Here are some tips and tricks to make sure your gardening days won't get nipped in the bud!
Protect your joints. When you stretch out your joints and muscles to loosen up before you put them to work, you’ll help prevent injuries … and you’ll even feel better when you get out of bed the next day! If you decide to carry heavy items, make sure that you lift with your legs, not your back, and keep whatever you’re carrying close to your body. Better yet, take an extra precaution and use a a wheelbarrow (or your grandchildren’s strong backs)! If you’re kneeling squatting,or even sitting, make sure you take plenty of breaks and change positions often.
Grow your garden. Pots and raised beds keep you from having to bend, squat, or kneel to do your gardening. By adjusting the height of your garden, you can even sit on a stool or chair while you work! These types of gardens also help prevent over-exertion.
Use joint-friendly tools. Most brands have modified gardening tools made specifically for aging joints, including handle designs to reduce hand stress, longer handles or extensions that allow you to stand, and pads to cushion your knees. If you have trouble gripping your standard garden tool, an easy fix is to wrap the handle in pipe insulation foam.
Water wisely. Watering cans can be extremely heavy and some hoses can also put stress on your shoulders and wrists when you try and pull them across a yard. Buy flexible, expandable hoses and lighter weight water dispensers or fill up the can a little at a time to reduce the risk of injury.
DOCTOR IN SPOTLIGHT
Meet Dr. Kimberly Smith
Doctor Kimberly Smith is an internal medicine physician and is the medical director for Home Healthcare 2000's New Iberia area. She is a native of St. Martinville, LA. She attended Tulane University for undergraduate studies, University of Louisiana at Lafayette (formerly USL) for graduate studies, and the LSU Health Science Center for her degree in medicine. She is married, has three children, and has been practicing in New Iberia since 2004.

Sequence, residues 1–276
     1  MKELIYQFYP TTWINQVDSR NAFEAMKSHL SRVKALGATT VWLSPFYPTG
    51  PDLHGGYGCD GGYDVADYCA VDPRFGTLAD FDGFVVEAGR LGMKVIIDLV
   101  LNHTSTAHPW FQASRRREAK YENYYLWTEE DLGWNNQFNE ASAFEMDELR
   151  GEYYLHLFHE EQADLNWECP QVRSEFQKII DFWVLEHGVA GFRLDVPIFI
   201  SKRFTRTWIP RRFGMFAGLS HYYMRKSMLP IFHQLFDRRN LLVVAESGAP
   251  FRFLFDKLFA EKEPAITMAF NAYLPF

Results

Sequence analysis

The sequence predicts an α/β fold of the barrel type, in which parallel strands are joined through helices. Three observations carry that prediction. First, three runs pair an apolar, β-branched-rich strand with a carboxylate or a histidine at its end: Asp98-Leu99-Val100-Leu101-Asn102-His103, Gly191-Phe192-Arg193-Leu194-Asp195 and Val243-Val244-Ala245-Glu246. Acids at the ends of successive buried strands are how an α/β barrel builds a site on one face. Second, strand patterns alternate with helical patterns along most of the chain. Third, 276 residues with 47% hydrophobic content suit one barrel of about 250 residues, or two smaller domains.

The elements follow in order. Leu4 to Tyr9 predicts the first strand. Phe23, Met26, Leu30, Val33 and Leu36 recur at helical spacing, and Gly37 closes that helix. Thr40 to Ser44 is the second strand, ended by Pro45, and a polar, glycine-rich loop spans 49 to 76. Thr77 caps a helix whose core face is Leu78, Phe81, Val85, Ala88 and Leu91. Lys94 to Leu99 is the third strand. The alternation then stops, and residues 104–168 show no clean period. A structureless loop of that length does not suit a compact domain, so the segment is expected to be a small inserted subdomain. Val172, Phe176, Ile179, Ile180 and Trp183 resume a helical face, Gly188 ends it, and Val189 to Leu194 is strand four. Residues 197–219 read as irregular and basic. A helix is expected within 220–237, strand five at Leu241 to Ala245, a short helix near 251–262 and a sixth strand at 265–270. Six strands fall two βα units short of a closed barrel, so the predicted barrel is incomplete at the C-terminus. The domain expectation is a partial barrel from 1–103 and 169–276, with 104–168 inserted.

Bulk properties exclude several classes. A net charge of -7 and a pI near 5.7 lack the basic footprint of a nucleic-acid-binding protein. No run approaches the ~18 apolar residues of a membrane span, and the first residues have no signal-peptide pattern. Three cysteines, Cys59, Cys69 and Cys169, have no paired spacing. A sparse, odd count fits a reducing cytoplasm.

Our Fall Prevention Program
Who are candidates for our evidence-based Fall Prevention Program?
Patients 65 years old or older
Those who have fallen or nearly fallen in the past
Have memory problems
On Coumadin or Coagulation Therapy
Take more than 3 medications, either prescription or over-the-counter medications
Health Problems that Increase Risk of Falling:
Stroke Depression and Dementia
Low Blood Pressure Osteoporosis
Parkinson's Disease Arthritis
The Role of the Physical Therapist (PT)
The PT performs the initial physical therapy evaluation. The PT initiates the physical therapy Plan of Care. Some Physical Therapy interventions in the home include:
Active range of motion exercises
Passive range of motion exercises
Home exercise program
Assistance with utilizing durable medical equipment (Wheel chairs, Walkers, lifts, etc.)
Prosthetic /Orthotic training
The Role of the Occupational Therapist (OT)
The OT performs the initial occupational therapy evaluation. The OT initiates the occupational therapy Plan of Care. Some Occupational Therapy interventions in the home include:
Perceptual motor training
Fine motor coordination training
Teaching & management of prosthetics & orthotics
Teaching & management of dressing & grooming
Home environment & safety assessment
Teaching use of assistive devices
Teaching use of appliances
Independent living & daily living skills management
The Role of the Speech Pathologist (SP):
The SP Performs the initial speech pathology evaluation. The SP initiates the speech therapy Plan of Care. Some Speech Pathology interventions in the home include:
Voice disorder treatments Speech articulation disorder treatment
Language disorder treatments